Throughout the development of Command, I made a point to take my time when it came to the code and not just rush through the implementation to get it done.

For 99% of the features in Command, I followed the exact same pattern:

  1. Wire up a React component using the class-based method for the user interface.
  2. Connect that React component to GraphQL using the higher-order-component method from the Apollo library.
  3. Write the GraphQL query or mutation being run on the client and call it.
  4. Wire up a resolver on the GraphQL schema to either retrieve some data from my database, or, perform some business logic.
  5. Implement that business logic using the action pattern.
  6. If the code can have some unpredictable behavior or I want some extra certainty that it works, write some unit, integration, or end-to-end tests.

Even if all of that sounds like gibberish, the point here is simple: this consistency means that I can make changes quickly while barely thinking about it.

If my code was a mishmash of different patterns (or no patterns at all), every time I wanted to change something I'd have to stop and think.

I'd have to be more careful and deliberate about what I did, potentially wasting time on fixing bugs created in the process.

Using patterns? I've already iterated on Command significantly in just two weeks. While things have visually changed on the front-end and the work being done on the back-end is different, the way it's all done is 100% the same as before.

What's most important here: once you've committed to a pattern, don't change it unless doing so is fixing a bug or major performance issue.

If it's just to stay up to date with trends or to get some perceived performance, be honest with yourself: you're focusing on the wrong things.

Build what people are asking* for

Last but not least, this is my favorite love/hate relationship when it comes to building products.

There are two camps: people know what they want and you should ask them or people don't know what they want and you should just build your idea.

What I've learned? Both of these are 100% correct.

When it comes to people knowing what they want, it's indirect: you have to learn how to listen for what's driving people nuts. What's making their life difficult? Where is the pain?

That pain is the seed of want.

Unless they're a masochist, most people want pain to go away. If you can learn to listen closely to others, they will tell you what they want you to build without you needing to have a conversation.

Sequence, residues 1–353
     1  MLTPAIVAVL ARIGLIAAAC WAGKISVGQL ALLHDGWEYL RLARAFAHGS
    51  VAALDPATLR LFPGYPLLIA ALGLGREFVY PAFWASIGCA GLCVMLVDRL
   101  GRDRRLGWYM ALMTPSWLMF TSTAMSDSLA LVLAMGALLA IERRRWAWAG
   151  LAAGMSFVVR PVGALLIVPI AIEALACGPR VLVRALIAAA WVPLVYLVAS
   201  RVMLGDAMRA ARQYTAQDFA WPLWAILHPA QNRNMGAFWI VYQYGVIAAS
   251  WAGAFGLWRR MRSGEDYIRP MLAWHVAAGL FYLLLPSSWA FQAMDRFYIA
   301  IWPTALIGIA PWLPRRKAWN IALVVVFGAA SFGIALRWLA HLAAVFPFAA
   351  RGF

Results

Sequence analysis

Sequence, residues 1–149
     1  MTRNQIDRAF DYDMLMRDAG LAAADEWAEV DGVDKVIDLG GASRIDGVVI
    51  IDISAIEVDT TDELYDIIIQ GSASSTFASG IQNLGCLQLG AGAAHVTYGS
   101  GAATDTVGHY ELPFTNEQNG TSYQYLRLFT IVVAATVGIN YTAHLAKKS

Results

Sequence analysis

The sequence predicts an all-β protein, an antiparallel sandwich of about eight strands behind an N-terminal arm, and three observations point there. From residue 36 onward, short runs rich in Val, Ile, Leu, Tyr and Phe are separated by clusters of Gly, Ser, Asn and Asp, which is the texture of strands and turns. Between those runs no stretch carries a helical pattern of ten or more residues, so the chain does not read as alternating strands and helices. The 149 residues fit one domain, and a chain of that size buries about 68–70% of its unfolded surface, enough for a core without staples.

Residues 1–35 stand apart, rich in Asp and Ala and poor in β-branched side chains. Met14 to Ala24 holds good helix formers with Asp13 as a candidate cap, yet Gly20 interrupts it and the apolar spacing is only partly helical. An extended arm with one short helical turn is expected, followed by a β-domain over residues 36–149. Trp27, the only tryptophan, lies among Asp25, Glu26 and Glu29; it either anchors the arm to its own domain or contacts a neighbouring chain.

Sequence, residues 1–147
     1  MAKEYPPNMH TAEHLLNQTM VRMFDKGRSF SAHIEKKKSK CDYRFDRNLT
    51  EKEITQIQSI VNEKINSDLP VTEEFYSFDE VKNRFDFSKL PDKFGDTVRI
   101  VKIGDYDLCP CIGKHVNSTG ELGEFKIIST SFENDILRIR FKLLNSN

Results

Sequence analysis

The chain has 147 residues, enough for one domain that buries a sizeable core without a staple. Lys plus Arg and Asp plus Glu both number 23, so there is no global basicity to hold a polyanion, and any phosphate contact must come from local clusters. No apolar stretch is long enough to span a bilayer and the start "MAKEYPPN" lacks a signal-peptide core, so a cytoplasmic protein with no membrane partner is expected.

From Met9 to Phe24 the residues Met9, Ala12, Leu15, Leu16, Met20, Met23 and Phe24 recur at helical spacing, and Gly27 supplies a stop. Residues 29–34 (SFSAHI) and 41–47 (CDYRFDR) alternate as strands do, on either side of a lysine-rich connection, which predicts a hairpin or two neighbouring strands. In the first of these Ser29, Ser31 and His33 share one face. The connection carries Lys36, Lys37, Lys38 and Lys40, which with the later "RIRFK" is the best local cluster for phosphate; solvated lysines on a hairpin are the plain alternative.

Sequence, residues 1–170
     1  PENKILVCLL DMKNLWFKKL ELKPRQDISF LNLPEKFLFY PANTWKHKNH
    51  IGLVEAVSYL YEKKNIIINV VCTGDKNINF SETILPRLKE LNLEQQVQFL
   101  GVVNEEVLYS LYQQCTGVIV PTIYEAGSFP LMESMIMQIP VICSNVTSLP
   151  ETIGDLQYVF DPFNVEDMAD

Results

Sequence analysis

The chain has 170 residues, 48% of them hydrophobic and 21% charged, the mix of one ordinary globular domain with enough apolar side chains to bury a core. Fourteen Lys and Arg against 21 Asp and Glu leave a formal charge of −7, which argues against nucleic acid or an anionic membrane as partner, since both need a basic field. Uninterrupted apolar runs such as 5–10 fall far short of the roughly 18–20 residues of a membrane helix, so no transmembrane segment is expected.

This is where "you should just build your idea" comes in.

Once you've identified an honest-to-goodness pain and can back it up with evidence (for example, people griping in a chat, a negative Reddit thread, or a "this sucks" thread on Twitter), then you can start to build a solution.

Your own personal experience is valid here, too, but you want to be careful not to convince yourself that something is more painful than it actually is.

Tony Fadell from Nest and Apple fame makes this point a bit clearer in the above clip.

He's talking about fact-based decisions vs. opinion-based decisions and how asking for feedback before you've built something doesn't work.

Instead, you have to build the thing based on your opinion of what's right (what will solve that pain) and then ask for feedback and iterate from there.

Why? Early on the in the development process, it's difficult for people to understand how you're trying to solve their pain. Until there's a finished thing sitting in front of them, there are too many variables and you end up getting low-quality feedback that can steer you in the wrong direction.

The point: make sure that you're building things that you know are painful for people, not just what you think is painful.

Get comfortable with being uncomfortable

If there's one piece of wisdom that came out of all of this, it's to get comfortable with being uncomfortable.

Until you find that thing that just "clicks" for others, you have to accept the risk and the cost of time invested to make it work. That's it.

The tips above will help to make that experience less painful and work toward ensuring you stick with it through each iteration until you find product-market fit.

Weird Science